The “Slow Audience Participation” movement

The Wife and I saw Les Miserables at Proctors Theatre in Schenectady a couple months ago, and it was as marvelous as the reviews in the Times Union and Metroland suggested. I had never seen any stage production of Les Miz before. Though I didn’t love the movie adaptation, we were both glad to have seen it so we would better understand the plot.

Here’s what I didn’t like: During that last, very stirring, song, six or eight people got up and left, which I found really distracting, especially since they were seated near the front and in the middle section. If they were so worried about getting home, they should have left at intermission to beat the crowds. I’d never seen that particular behavior before.

It wasn’t the only annoying activity during the performance. Someone two or three seats from us kept turning on his mobile device. I don’t know if he was texting or just checking the time; no one of his generation seems to know what a watch is. I’ve seen similar behavior at the movie theaters, even the tony Spectrum Theatre in Albany. Even someone using their device on the opposite aisle and two rows up I will notice, because the illumination distracts me from the film.

At the end of Billy Elliot at Proctors in June, the lead leaves the stage via an aisle on the theater. When he makes his return, he’s literally bumping into folks getting ready to leave. (I was so annoyed.)

Some folks at the Albany Symphony Orchestra at least wait for the final note before they rush off. Likewise, movie goers depart when the credits come up, even when a bit of the movie is still going on, such as in Hope Springs and Bernie.

I was at a conference at the end of April, and two guys were talking through the introduction of the speaker, and even when the speaker began. Exasperated, I turned around, said nothing since that would have been likewise disruptive, but gave that universal palms-up symbol for, “Will you please shut up?”

Apparently, even Broadway audiences are not immune to bad behavior.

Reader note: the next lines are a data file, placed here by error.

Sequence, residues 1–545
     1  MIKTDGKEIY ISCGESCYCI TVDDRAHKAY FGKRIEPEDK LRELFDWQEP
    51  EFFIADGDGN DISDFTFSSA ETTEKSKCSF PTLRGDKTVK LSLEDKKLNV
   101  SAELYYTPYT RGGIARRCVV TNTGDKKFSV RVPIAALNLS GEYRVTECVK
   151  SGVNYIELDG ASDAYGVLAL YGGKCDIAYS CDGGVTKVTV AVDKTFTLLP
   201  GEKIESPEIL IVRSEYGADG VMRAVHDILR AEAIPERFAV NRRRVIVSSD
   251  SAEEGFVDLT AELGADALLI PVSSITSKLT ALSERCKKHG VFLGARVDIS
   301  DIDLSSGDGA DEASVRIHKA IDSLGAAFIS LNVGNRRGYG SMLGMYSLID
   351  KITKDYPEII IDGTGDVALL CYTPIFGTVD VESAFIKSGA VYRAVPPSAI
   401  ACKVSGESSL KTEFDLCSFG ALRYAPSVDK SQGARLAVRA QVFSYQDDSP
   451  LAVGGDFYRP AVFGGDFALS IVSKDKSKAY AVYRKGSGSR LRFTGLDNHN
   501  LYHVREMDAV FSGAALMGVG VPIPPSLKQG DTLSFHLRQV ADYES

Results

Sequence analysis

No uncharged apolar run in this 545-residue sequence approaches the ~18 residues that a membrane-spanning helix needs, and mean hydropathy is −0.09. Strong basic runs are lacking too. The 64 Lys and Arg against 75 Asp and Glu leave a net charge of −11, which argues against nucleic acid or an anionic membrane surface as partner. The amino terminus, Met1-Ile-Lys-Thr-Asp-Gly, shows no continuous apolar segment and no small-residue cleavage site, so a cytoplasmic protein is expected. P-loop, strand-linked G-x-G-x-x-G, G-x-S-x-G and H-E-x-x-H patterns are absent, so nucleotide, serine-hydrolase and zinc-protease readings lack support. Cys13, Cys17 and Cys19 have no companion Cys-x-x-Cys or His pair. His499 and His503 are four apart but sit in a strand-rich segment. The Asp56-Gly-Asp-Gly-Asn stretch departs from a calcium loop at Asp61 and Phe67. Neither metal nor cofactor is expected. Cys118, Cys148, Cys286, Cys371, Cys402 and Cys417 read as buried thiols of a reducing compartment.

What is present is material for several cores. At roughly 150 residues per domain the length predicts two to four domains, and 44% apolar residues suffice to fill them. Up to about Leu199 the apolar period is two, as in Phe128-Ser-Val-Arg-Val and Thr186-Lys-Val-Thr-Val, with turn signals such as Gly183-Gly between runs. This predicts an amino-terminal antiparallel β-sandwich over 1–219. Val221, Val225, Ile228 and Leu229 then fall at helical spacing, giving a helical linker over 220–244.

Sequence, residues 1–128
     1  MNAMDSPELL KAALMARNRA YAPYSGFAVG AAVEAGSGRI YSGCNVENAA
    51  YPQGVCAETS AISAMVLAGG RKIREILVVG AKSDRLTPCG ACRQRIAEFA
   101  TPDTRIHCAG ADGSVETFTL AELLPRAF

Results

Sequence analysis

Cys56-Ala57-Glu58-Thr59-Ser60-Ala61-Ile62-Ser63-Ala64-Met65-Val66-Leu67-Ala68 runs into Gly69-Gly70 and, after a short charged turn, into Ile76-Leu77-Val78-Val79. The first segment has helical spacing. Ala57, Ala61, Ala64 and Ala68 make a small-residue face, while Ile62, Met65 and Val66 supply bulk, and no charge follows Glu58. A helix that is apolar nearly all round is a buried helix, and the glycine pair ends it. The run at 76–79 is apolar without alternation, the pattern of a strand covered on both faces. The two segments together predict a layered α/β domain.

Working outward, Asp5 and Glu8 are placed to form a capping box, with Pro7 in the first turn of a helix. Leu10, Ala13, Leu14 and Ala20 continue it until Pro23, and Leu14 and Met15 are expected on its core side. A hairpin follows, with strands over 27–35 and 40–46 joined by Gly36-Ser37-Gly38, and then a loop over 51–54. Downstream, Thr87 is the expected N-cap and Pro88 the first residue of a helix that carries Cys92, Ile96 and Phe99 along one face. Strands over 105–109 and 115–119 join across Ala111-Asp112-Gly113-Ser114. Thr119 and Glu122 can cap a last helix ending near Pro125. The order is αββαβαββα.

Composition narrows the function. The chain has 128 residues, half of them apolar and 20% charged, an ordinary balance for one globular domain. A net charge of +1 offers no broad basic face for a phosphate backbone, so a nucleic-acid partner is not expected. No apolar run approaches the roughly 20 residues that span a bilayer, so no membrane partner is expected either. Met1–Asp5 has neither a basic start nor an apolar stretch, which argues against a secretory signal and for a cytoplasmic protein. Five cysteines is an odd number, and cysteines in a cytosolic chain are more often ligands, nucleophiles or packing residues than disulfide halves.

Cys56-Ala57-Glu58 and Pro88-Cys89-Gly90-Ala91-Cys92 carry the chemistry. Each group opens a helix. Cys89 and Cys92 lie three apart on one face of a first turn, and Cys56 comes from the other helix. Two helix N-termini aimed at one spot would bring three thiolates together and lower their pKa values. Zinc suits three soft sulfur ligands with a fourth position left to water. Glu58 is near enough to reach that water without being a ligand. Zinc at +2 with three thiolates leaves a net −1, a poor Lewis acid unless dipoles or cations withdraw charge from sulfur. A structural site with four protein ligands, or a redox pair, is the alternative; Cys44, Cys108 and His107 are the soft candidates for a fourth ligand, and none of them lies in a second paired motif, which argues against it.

The slow food movement>was designed so that people could ENJOY eating more, by eschewing fast food, processed product cooked in the microwave, and the like. Not only is it healthier, it’s more enjoyable to be part of the process.

In the similar mode, I’m suggesting a “slow audience response” movement. Please stop talking when the speaker/movie/concert starts, and wait for the event to actually end before fumbling with your keys. You may actually enjoy it better if you are “present” at the event, rather than treating it as one more thing to check off the to-do list. I KNOW your fellow audience members will appreciate it.
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The Muppets of Sesame Street tell you how to watch a movie…

5 thoughts on “The “Slow Audience Participation” movement

  1. Even though I think “you kids—get off my lawn!!” is the next logical step, I agree with you. People need to slow down—in many ways. For the record, I never rush out when a movie or play is over, which maybe gives me some perspective to add that this is nothing new. I was at concerts more than 25 years ago where folks were ready to leave immediately after the last official song (and I left after the second encore and the house lights came up…). The point is, boorish behaviour isn’t new, only our tolerance of it is.

  2. Roger, you bring up one of my (many!) pet peeves. As a performer, I used to be annoyed when I was really bringing a blues and some boor at the bar blathered on, but that’s the price you pay for singing in clubs.

    Concert venues are quite different. My husband used to get embarrassed when I would give a simple glare or say “Sssssh!” to moviegoers who commented on things during a movie. Once I was seeing a movie with a twist ending, and someone shouted out the key to it all, depriving everyone of their “oh, man,” blown-away moment.

    On the other hand, my friend John Kellogg (ever meet him?) once went to a stage production of “The Diary of Anne Frank” that was, by his admission, really, really bad… there was a scene where the family were huddled upstairs and the Nazis were questioning the residents downstairs, and somebody from the audience yelled, “They’re in the attic!!” John said the entire audience broke up, and he felt just awful for the actors… but he did stifle a snicker…

    As for cell phones, etc., yes, that little blue screen coming up because someone could NOT disengage for even the span of 90 min or so, that’s so rude. My husband has to keep his on for pastoral emergencies, but he has it on vibrate. He simply answers in a low voice, “hold on a sec,” and doesn’t say another word until he leaves the theater.

    I taught him well. Also, now he’s the one who shooshes people, ha ha. Amy

  3. You’re out for the evening, seeing a show, your workday appointments are done until tomorrow. So why do you have to leave the theater before anybody else? Does your bedroom door automatically lock you out at precisely 9PM? Or maybe you alone noticed that the theater is on fire? Or is being first very important for its own sake? I just don’t get it.

  4. I will walk out of a truly terrible movie.

    I will not walk out on a live stage performance no matter how awful.

    Movies have no feelings. People on stage have feelings.

    I am not 100% sure why people don’t think about this.

  5. I find it amazingly odd that some people will stay and linger after a sports event so they don’t have to fight the crowds, but will jump up and leave to get to the parking lot before the end of a theater production. Makes little sense to me.

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